Here I sit at 4am, unable to sleep because of a stupid cough, so I figure now is as good a time as any to type up Nessa’s birth story. I know not everyone wants to read the details of giving birth, so if you’d rather not, do not read on. You’ve been amply warned. 😉
The last time I posted an update on my blog, I was 17 wks pregnant. Well, due to my complete lack of diligence when blogging, it’s many months later, and our little girl is here, 2 1/2 weeks early. 😀
On Aug 5th @ 6:30am, I was just starting to get up for the day when I rolled over in bed and felt a little painful pinch. I thought that was a little odd, but didn’t think much more then got up to use the restroom, upon which I felt a small gush. I thought, “Did my water just break? Nah, that couldn’t be…”, and proceeded to go back to bed for a bit. When I rolled over, a felt another bigger gush. Yup, my water had broken. Just the day before I had seen my Dr. who told me if that should happen to call right away. So I proceeded to go downstairs and let Dale know he wouldn’t be going to work that day and called my Dr to let him know.
Since we weren’t expecting for another 2 1/2 weeks, I didn’t have my bag packed or much of anything organized beyond some washing. I wasn’t having any contractions yet, so I took a shower and started getting my bag together while Dale got Ronan up for the day and off to daycare. We let Ronan know that his little sister was on the way, and he was very excited. He wanted to come to the hospital with us. 🙂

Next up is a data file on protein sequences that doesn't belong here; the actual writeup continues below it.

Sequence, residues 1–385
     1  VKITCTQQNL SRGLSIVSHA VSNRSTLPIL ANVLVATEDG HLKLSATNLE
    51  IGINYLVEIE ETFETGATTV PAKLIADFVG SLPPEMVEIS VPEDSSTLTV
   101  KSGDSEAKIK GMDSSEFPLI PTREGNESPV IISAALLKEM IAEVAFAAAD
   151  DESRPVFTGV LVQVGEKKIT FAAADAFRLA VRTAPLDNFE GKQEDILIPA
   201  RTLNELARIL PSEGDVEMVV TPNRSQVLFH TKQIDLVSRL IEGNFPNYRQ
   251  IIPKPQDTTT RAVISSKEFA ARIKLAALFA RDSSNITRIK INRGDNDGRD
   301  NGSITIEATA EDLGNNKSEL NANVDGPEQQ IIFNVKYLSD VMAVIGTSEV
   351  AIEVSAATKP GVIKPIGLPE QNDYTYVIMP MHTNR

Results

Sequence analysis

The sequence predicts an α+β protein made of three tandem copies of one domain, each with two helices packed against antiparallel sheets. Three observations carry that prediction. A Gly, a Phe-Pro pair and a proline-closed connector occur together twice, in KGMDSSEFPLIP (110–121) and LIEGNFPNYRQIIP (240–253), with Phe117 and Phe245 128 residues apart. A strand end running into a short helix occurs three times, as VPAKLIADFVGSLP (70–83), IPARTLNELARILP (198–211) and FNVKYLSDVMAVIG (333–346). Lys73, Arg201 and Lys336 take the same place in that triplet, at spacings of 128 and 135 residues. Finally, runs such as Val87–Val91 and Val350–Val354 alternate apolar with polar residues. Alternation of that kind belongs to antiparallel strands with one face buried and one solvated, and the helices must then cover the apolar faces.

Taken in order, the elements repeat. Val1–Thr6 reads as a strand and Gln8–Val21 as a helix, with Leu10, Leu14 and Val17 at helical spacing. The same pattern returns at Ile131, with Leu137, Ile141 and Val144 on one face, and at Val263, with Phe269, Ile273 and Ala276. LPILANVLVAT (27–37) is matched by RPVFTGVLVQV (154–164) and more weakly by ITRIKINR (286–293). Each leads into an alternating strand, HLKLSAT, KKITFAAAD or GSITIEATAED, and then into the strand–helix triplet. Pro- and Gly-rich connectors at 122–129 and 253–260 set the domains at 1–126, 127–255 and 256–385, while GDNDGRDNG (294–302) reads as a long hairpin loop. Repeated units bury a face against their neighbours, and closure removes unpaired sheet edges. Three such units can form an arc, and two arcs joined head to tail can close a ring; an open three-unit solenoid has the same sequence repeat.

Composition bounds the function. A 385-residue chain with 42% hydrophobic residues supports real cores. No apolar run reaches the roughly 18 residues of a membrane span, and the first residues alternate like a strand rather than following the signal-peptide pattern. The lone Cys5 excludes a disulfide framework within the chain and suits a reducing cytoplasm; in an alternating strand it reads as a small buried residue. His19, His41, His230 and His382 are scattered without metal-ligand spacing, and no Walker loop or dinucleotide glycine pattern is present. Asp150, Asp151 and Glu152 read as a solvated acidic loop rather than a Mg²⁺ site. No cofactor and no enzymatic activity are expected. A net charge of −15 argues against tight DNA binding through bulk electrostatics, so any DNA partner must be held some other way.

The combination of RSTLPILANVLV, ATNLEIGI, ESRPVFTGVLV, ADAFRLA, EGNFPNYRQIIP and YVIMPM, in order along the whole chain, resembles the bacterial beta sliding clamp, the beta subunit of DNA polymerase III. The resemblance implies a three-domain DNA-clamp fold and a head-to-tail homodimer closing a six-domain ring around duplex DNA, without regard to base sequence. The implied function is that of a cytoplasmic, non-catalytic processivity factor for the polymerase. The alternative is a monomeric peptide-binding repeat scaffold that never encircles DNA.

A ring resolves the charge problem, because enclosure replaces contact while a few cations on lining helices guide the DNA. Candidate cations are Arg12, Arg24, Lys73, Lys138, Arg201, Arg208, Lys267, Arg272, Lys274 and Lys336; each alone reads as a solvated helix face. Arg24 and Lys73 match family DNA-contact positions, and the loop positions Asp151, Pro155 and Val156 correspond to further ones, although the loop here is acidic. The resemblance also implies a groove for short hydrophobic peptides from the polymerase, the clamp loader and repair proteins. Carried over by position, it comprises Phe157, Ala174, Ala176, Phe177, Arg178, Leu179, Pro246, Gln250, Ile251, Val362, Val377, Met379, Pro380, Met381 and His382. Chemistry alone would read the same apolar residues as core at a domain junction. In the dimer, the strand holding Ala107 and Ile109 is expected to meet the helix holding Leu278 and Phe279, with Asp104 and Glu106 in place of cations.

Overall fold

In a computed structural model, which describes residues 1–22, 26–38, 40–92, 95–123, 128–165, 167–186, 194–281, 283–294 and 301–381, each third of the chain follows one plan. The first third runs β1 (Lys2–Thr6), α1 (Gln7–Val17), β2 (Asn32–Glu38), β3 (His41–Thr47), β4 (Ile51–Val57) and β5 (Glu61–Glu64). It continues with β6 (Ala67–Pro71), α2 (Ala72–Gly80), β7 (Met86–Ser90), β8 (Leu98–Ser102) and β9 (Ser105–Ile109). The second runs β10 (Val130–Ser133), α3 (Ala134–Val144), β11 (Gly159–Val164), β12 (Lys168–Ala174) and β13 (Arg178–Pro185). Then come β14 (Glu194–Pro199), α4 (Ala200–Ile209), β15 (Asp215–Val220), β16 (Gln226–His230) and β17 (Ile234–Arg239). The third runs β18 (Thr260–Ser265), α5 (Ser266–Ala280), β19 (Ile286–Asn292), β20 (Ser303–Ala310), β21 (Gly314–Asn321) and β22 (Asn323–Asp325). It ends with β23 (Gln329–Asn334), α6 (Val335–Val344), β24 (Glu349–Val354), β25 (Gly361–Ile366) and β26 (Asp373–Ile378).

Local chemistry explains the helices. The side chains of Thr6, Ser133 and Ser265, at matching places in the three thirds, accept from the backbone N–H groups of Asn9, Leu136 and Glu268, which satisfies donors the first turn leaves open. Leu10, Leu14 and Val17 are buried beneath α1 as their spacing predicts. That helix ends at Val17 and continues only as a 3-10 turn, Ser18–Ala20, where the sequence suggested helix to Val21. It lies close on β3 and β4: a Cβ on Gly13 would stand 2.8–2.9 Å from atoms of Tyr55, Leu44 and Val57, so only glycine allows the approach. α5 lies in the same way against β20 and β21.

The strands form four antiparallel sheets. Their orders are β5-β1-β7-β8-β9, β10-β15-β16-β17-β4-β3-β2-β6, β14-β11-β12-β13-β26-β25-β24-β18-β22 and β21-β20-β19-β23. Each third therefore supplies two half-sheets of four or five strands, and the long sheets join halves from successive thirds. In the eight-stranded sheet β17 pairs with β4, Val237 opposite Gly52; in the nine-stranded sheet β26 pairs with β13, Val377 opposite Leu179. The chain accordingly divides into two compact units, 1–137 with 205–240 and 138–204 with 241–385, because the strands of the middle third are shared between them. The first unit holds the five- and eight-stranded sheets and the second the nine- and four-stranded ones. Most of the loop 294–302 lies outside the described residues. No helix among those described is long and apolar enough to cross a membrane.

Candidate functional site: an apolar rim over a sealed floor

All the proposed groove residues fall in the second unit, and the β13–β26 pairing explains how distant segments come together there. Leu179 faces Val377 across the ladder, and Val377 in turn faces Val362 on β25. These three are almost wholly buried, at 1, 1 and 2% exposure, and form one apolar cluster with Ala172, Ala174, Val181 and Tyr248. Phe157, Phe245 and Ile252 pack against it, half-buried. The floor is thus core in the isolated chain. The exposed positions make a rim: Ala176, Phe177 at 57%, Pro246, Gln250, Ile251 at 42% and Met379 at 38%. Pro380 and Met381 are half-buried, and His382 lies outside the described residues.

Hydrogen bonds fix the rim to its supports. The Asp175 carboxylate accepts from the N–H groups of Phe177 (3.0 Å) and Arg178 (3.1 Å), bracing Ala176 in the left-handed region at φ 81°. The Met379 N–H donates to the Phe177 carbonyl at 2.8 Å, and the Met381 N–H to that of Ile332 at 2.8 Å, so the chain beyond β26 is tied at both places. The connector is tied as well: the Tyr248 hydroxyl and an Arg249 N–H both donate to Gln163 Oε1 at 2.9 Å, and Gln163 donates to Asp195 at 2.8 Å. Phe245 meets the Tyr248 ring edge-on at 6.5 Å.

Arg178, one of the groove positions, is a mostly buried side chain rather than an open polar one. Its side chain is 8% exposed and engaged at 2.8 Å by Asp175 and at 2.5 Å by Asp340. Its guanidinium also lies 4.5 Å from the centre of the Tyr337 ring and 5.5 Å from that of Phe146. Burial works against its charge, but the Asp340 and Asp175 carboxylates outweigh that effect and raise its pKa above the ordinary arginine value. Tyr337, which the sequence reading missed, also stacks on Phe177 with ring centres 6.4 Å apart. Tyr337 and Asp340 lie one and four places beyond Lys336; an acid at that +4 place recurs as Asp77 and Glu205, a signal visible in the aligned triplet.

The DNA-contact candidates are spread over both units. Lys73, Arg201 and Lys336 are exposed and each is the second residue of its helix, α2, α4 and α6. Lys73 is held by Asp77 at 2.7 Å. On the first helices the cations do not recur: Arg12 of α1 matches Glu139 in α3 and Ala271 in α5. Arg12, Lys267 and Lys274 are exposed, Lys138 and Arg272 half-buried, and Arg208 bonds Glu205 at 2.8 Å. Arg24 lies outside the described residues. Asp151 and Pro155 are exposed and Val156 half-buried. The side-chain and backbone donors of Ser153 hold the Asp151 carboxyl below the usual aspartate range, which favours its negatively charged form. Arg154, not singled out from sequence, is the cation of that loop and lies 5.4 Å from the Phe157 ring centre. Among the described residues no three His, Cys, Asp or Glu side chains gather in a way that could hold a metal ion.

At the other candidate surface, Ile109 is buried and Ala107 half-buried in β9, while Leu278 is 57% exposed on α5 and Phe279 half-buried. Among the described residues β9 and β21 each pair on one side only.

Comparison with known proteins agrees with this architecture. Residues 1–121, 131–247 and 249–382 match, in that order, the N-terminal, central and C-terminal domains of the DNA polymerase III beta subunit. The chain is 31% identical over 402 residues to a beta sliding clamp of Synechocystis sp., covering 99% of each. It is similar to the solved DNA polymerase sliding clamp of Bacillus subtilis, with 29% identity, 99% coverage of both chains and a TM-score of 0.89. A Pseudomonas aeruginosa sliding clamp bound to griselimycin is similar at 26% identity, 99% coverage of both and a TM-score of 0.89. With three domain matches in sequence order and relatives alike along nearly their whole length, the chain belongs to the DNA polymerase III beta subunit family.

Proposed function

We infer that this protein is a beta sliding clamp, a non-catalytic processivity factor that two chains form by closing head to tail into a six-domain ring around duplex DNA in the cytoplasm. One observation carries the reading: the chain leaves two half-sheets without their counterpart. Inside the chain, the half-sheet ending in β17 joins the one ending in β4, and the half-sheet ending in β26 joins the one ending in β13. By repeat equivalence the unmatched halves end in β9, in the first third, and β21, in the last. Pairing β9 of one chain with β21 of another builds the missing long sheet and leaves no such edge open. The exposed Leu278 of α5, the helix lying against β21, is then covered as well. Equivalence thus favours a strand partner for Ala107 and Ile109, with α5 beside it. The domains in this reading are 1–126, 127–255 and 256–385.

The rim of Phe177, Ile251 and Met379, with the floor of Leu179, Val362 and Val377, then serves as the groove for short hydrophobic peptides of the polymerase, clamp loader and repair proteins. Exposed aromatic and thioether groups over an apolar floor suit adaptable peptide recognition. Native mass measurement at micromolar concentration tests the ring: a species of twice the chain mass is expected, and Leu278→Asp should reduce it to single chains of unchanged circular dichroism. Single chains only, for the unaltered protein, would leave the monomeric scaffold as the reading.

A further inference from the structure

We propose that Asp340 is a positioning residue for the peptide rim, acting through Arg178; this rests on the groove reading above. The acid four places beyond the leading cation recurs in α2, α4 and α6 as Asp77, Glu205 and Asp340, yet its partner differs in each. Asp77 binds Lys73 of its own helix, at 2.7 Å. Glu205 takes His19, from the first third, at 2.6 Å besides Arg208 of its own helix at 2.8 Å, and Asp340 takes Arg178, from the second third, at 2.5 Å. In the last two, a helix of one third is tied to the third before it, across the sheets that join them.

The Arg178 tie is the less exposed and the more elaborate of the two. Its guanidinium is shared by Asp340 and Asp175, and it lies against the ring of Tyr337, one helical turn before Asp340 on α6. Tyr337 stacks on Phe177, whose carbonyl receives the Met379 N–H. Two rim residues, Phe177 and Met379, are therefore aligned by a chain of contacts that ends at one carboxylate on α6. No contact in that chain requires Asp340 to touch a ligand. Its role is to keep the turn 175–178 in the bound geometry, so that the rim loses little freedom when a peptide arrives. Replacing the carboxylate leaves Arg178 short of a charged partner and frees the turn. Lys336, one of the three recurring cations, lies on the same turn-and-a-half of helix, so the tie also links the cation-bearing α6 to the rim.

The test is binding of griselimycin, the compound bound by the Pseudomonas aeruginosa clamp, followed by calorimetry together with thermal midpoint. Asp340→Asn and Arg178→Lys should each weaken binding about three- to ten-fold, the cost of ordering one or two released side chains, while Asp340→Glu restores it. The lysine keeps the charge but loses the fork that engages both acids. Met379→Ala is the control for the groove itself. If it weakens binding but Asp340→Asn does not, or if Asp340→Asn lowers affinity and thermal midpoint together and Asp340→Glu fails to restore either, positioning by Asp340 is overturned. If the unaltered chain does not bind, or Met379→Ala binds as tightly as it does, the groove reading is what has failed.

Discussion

At about 8:30am we were off to the hospital. I still wasn’t getting much on the lines of contractions, just occasional slightly painful ones, but they wanted to keep me since my water had broken and I was attempting a VBAC. So the waiting game began. Dale and I sat around watching old Charmed episodes, playing on our computers, walking the halls, whatever we could to pass the time while waiting for my body to decide it might be a good idea to start trying to get this baby out.
My Dr. came in to check me, and I wasn’t at all dilated and was very high. We knew we were in for a long wait. My Dr. was concerned, since usually people go into labor before their water breaks, not after. But he gave us the option to wait and see what happens. We waited until 6:30pm, where the Dr. checked me again and I was maybe 1-2 cm dilated and soft, so we knew my body was at least trying to do something. I had decided that 12 hours was my cutoff mark to make any decisions to move things along. We were given the option to try some pitocin to get the contractions to speed up and become regular, which we opted to do. However, another mother required a c-section, and there wasn’t enough staff to handle that surgery and have all the required people available for my VBAC, so we had to wait until the other mother’s surgery was over before we could start. During this time, a trauma came in to the ER, which also required the anesthesiologist, so we were delayed another couple hours.